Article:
تنظیمات درون زا و توسعه پایدار
|کد مقاله||سال انتشار||مقاله انگلیسی||ترجمه فارسی||تعداد کلمات|
|29069||2002||17 صفحه PDF||سفارش دهید||7851 کلمه|
Publisher : Elsevier - Science Direct (الزویر - ساینس دایرکت)
Journal : The Journal of Socio-Economics, Volume 31, Issue 5, 2002, Pages 511–527
This paper focuses on the relevance of endogenous preferences for the explanation of consumer behavior and its role for sustainable development. The demand side has received far less attention in the sustainability discussion than the production side. There seems, however, little doubt that consumption is equally as important for achieving sustainability (e.g., F. Duchin, G.-M. Lange, The Future of the Environment: Ecological Economics and Technological Change, Oxford University Press, New York, 1994). While the influence of social interaction of preferences has been pointed out by economists for centuries, this link is generally submerged in the standard economic assumption of individual interest maximizing behavior. With reference to a specific type of local food market (community supported agriculture groups, CSA), this paper investigates consumer behavior and its relevance for sustainable development. Several studies have investigated CSAs’ contributions to different aspects of sustainable development and barriers to their expansion. One aspect usually left out is the change in preferences after interaction with the farmer/s and other market participants for several years. This learning aspect may, however, prove crucial to identify paths towards sustainable development.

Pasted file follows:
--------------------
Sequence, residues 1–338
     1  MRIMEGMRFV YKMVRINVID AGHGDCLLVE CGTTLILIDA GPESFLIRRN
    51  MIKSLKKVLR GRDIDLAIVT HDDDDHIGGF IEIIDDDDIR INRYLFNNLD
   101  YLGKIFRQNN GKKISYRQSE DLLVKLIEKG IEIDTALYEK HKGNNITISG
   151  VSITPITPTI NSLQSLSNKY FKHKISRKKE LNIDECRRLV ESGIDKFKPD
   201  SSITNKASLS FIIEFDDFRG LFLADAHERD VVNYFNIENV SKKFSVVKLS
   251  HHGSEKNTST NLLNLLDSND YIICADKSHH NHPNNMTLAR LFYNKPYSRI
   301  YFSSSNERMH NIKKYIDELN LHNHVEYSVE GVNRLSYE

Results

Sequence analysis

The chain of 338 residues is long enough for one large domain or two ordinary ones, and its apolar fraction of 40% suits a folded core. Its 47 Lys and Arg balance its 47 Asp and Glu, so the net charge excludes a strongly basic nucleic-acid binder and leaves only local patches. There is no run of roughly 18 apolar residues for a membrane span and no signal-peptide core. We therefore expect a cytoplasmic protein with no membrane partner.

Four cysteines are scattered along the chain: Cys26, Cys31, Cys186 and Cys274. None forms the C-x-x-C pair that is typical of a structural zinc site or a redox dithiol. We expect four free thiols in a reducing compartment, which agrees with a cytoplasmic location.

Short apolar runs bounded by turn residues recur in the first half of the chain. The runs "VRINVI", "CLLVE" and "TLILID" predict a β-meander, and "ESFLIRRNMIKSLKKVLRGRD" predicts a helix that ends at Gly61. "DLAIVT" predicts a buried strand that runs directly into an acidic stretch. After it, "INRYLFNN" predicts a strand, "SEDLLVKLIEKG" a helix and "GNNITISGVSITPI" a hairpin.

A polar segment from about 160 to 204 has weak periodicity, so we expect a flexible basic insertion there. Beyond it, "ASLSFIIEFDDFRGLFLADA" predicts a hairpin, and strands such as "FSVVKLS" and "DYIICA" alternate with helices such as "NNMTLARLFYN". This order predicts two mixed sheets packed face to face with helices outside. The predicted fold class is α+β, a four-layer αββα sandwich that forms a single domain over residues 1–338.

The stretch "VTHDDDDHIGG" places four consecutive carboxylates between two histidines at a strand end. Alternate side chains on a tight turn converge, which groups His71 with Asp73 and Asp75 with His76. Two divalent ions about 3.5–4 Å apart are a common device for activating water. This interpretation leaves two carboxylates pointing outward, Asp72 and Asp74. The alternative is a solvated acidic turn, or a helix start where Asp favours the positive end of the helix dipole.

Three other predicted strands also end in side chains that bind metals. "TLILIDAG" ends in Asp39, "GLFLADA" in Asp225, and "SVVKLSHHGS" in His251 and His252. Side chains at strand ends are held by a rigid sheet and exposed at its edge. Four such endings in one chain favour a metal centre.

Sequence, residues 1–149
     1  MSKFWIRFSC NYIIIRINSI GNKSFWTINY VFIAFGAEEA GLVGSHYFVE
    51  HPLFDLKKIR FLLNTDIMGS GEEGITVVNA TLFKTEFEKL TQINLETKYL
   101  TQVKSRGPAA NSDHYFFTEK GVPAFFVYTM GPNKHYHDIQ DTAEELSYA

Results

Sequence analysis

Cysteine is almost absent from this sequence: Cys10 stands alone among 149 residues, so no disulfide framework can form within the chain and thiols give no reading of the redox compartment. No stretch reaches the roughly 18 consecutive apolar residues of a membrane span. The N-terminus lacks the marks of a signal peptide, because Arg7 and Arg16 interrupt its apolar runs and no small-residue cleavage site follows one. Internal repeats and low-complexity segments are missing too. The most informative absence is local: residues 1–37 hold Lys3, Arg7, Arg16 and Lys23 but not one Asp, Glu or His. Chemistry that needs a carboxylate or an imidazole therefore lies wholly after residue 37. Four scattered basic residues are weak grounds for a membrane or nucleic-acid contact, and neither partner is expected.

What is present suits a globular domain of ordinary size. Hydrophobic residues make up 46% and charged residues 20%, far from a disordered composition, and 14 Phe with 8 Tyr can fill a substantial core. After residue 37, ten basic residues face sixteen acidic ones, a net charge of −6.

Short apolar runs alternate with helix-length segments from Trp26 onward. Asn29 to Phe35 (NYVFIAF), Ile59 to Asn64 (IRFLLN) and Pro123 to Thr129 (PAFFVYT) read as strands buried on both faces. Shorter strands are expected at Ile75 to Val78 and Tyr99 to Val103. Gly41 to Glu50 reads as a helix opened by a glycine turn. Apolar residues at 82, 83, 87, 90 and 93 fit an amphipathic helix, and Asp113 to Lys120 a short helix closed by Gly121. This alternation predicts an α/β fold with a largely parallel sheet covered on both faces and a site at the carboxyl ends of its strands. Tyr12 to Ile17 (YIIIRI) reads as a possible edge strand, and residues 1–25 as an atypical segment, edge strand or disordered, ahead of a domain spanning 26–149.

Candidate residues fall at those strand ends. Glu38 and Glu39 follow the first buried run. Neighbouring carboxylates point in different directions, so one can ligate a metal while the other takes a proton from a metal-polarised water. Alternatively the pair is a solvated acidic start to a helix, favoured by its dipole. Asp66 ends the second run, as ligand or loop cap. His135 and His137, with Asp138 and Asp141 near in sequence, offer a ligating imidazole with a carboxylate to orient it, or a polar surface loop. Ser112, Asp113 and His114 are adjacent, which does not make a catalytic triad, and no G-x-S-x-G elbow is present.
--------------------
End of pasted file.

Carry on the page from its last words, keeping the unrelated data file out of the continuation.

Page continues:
The total energy used annually in the United States for food production, processing, distribution, and preparation is about 1600 l of oil per capita per year, constituting 17% of the total per capita U.S. energy consumption. The U.S. expends three times as much energy per capita just for food production than do developing countries for all energy consuming activities (Pimentel and Pimentel, 1996, p. 8). Here, consumption patterns (indirect energy consumption through meat vs. direct energy intake through grain and vegetables) play an important role. For example, with livestock, roughly 20 cal of energy are needed to obtain 1 cal of food. The cropland needed per American (excluding exports) is about 0.5 ha. Given the fact that there are only 0.25 ha (1.5 billion ha of arable land worldwide divided by 6 billion world population) available per person, it would be impossible to replicate U.S. food systems worldwide or to feed the rest of the world a U.S.-type diet even with the addition of energy, resources and improved technologies (Pimentel and Pimentel, 1996). To move towards higher sustainability, adjustments of consumption patterns are needed in addition to attempts for making production methods long-term viable and increasing per acre yields. Duchin and Lange (1994) come to similar conclusions. Their study of four main world regions showed that even assuming the best available technologies, emission targets established at the 1992 Rio de Janeiro UN conference on environment and development (UNCED) could not be met without adjusting final demand. While the focus in the sustainability discussion has predominantly been on the production side, these results suggest that it is also necessary to discuss consumption issues for achieving sustainability. Yet, the barriers for questioning our consumption patterns are substantial. This has it’s roots, at least in part in the way consumer behavior is modeled by economists. Several authors (e.g., Elster, 1989, Knobloch, 1994 and Sen, 1977) argue that consumers seek to satisfy broader goals than utilitarian theory suggests. The newer literature on preferences suggests extending the idea of utility by ethical motivations. Numerous studies found that consumption satisfies a wide array of needs and wants (Doyal and Gough, 1991 and Max-Neef, 1992). Some of them originate in self-interest, others are based on broader (social) goals. Fostering solutions, which contribute to the latter, may enhance sustainability. Yet, there is another dimension relevant for a demand side discussion of sustainability. While tastes and preferences usually do not change rapidly, they do change over time as people interact and as the social institutions that surround them evolve (“endogenous preferences”). Such changes may be observed in community supported agriculture (CSA) markets as consumers interact with the CSA farmer and other members. Since preferences are formed through social CSA interaction (e.g., Smith, 1759/1976 and Marx, 1867/1906; Nelson, 1995, Schor, 1998 and Veblen, 1967), we should be able to identify motives that are generally submerged in the standard economic assumption of individual interest maximizing behavior. While we cannot test whether preferences are changing over time since we cannot observe them directly, we can ask people about their motivations and how these have developed. And it is reasonable to assume that there is a strong correlation between these motivations for consumption and consumer preferences. A drawback of loosening the assumption of fixed preferences is that one cannot test consistency of behavior over time unless one has precise information about the changes in preferences. However, we will argue here that to take these complications into consideration is necessary and not negligible. In a more normative sense Norton et al. (1998) question the assumption of consumer sovereignty. They point to the tension between individual and social interests in posing the challenging question: Is it not the assumption of consumer sovereignty that is undemocratic because it precludes collective action? They argue that how much influence the individual has and how much influence is allowed to the public is rather a matter of degree. The difference in result between a command-and-control sustainability approach and one where preferences are influenced is that in the former people feel deprived whereas in the latter they may feel better-off and proud to contribute to sustainability. In this paper, we examine the dynamics of consumer behavior and its importance to the sustainability discussion. To begin, we present the different concepts of consumer behavior. We then review the competing ideas on which different models of consumer behavior are based. Finally, we test with reference to a household survey of CSA members, the thesis that members’ preferences change through interactions with farmers and other CSA members. If preferences change during interactions and are shaped by institutions, this proves important for the evaluation of initiatives like CSAs as well as for the design of environmental regulations.